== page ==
of different physical treatments in somatic tinnitus.<br />

The international <strong>Tinnitus</strong> Journal. 2010; 16(1):44-<br />

50.<br />

[17] Latifpour DH, Grenner J, Sjodahl C. The effect of a<br />

new treatment based on somatosensory stimulation<br />

in a group of patients with somatically related<br />

tinnitus. The international <strong>Tinnitus</strong> Journal. 2009;<br />

15(1):94-9.<br />

[18] Mielczarek M, Konopka W, Olszewski J. The<br />

application of direct current electrical stimulation of<br />

the ear and cervical spine kinesitherapy in tinnitus<br />

treatment. Auris Nasus Larynx. 2013; 40(1):61-5.<br />

[19] Rocha CB, Sanchez TG. Efficacy of myofascial<br />

trigger point deactivation for tinnitus control.<br />

Brazilian Journal of Otorhinolaryngology. 2012;<br />

78(6):21-6.<br />

[20] Michiels S, De Hertogh W, Truijen S, Van De Heyning<br />

P. The effect of cervical physical therapy in patients<br />

with cervicogenic somatic tinnitus. Manual Therapy.<br />

2016; 25:e102.<br />

[21] Erlandsson SI, Rubinstein B, Carlsson SG. <strong>Tinnitus</strong>:<br />

evaluation of biofeedback and stomatognathic<br />

treatment. British Journal of Audiology. 1991;<br />

25(3):151-61.<br />

[22] Bosel C, Mazurek B, Haupt H, Peroz I. [Chronic<br />

tinnitus and craniomandibular disorders.<br />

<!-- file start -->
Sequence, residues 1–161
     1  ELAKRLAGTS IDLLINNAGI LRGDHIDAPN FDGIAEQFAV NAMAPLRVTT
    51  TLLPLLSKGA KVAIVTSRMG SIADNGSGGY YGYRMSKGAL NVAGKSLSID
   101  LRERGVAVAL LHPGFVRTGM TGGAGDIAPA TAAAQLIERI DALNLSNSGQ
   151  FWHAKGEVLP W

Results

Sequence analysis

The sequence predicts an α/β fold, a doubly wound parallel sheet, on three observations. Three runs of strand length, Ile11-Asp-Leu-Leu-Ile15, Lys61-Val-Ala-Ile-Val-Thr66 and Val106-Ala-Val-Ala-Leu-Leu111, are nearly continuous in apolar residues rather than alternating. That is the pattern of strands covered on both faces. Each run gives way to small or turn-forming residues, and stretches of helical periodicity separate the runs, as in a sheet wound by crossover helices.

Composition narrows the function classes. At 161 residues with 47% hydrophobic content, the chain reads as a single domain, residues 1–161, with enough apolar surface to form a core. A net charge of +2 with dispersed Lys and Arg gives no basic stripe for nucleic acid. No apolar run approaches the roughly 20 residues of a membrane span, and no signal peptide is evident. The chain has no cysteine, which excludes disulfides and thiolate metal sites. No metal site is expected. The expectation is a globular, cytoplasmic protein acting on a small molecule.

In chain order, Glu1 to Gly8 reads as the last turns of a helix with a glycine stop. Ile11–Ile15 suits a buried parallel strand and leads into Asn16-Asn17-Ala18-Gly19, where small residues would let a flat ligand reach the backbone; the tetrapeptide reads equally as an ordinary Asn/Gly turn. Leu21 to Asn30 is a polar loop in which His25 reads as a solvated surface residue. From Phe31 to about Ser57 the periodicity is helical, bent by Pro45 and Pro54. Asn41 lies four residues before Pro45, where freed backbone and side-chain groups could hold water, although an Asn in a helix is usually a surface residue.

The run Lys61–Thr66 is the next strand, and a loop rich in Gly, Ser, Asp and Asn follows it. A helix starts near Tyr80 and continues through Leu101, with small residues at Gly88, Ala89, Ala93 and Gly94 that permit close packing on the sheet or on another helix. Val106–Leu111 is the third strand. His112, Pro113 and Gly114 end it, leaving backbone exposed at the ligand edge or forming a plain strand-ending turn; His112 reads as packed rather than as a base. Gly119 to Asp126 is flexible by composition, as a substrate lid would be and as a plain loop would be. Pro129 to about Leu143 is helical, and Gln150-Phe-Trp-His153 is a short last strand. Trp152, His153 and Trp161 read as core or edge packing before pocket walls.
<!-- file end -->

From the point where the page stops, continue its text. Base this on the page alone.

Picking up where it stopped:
Effectiveness of functional therapy on perceived<br />

<strong>Tinnitus</strong> <strong>Research</strong> <strong>Review</strong> <strong>Series</strong> <strong>2019</strong>

<strong>Somatic</strong>/somatosensory tinnitush<br />

tinnitus distress]. HNO. 2008; 56(7):707-13.<br />

[23] Tullberg M, Ernberg M. Long-term effect on tinnitus<br />

by treatment of temporomandibular disorders:<br />

a two-year follow-up by questionnaire. Acta<br />

Odontologica Scandinavica. 2006; 64(2):89-96.<br />

[24] Marks KL, Martel DT, Wu C, Basura GJ, Roberts LE,<br />

Schvartz-Leyzac KC, et al. Auditory-somatosensory<br />

bimodal stimulation desynchronizes brain circuitry<br />

to reduce tinnitus in guinea pigs and humans.<br />

Science Translational Medicine. 2018; 10(422).<br />

<strong>Tinnitus</strong> <strong>Research</strong> <strong>Review</strong> <strong>Series</strong> <strong>2019</strong>

Hooray! Your file is uploaded and ready to be published.

Saved successfully!

Ooh no, something went wrong!